Golden Gate University Law Review
Since 1945 the law of the United States has required the United States government to take action to promote universal observance of human rights for all without distinction as to sex. This equal rights for women law is part of the supreme law of the land, to be faithfully executed by the President and the Administration, to be enforced by the federal courts and by the courts of the several states, to be implemented by Congress, and to be obeyed by industry, reported by the media, and relied on and obeyed by the people in their daily lives. Busy practitioners representing women whose equal rights have been denied will save time and increase their effectiveness by making use of this hidden law. This is an opportune moment to rediscover and enforce it. The needs of women are becoming more acute in the face of increasing attacks on women's advancement. At the same time the cold war is ending, and the peace dividend must make it possible to fund some reforms. This broad equal rights law was adopted as two articles in a multilateral treaty that is better known for establishing the United Nations as the international organization to keep and promote peace. Like all treaties, on signing by the President and passage by the U.S. Senate by a two-thirds vote, it became part of the "supreme law of the land" to be enforced by the courts, under the U.S. Constitution.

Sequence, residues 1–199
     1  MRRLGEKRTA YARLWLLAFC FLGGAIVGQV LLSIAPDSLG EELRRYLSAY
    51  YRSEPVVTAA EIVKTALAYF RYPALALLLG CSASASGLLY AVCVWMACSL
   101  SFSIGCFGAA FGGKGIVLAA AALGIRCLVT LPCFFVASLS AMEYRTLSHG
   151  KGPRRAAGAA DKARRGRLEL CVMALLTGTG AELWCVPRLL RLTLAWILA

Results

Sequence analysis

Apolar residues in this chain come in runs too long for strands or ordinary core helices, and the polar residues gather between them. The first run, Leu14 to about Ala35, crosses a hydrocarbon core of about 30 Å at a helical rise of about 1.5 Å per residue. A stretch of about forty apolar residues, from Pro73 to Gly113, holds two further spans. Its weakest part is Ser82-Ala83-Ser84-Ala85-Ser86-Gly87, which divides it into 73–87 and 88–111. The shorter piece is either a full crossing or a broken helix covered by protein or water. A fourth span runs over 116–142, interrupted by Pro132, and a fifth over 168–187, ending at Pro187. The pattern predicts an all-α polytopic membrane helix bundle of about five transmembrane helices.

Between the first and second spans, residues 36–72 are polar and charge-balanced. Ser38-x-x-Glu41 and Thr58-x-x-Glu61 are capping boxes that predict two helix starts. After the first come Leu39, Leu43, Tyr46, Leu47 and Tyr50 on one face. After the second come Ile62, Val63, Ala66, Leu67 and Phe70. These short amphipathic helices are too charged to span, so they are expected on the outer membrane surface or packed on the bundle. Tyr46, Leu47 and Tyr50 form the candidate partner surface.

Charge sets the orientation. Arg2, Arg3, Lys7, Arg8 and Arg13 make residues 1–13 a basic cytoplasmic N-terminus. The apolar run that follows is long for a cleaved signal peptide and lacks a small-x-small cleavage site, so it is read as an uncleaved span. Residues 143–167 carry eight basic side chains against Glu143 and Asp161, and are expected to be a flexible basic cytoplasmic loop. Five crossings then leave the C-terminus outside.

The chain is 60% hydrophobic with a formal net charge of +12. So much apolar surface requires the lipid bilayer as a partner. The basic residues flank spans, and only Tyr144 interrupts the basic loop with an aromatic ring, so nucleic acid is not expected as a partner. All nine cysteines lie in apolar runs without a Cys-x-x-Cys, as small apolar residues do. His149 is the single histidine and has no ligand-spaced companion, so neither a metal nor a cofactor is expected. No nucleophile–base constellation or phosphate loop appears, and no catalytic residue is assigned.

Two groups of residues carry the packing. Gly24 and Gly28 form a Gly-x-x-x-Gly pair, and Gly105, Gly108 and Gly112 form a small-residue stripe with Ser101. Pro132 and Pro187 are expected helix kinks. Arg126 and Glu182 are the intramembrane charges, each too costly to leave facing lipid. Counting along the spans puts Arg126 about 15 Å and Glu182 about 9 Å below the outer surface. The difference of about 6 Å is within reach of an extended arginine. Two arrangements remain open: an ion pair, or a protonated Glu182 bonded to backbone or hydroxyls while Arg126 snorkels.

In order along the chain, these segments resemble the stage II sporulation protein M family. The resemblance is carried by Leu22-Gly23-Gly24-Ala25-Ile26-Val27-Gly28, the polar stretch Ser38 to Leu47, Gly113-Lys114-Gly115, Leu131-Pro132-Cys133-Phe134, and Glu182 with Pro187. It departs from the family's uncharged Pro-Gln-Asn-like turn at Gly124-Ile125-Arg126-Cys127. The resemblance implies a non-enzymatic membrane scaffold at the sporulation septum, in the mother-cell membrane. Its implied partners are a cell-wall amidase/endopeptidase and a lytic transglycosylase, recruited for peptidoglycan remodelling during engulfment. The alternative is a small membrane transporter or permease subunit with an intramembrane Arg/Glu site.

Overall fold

Ann Fagan Ginger,
Enforcing the Hidden U.S. Equal Rights Law, 20 Golden Gate U. L. Rev.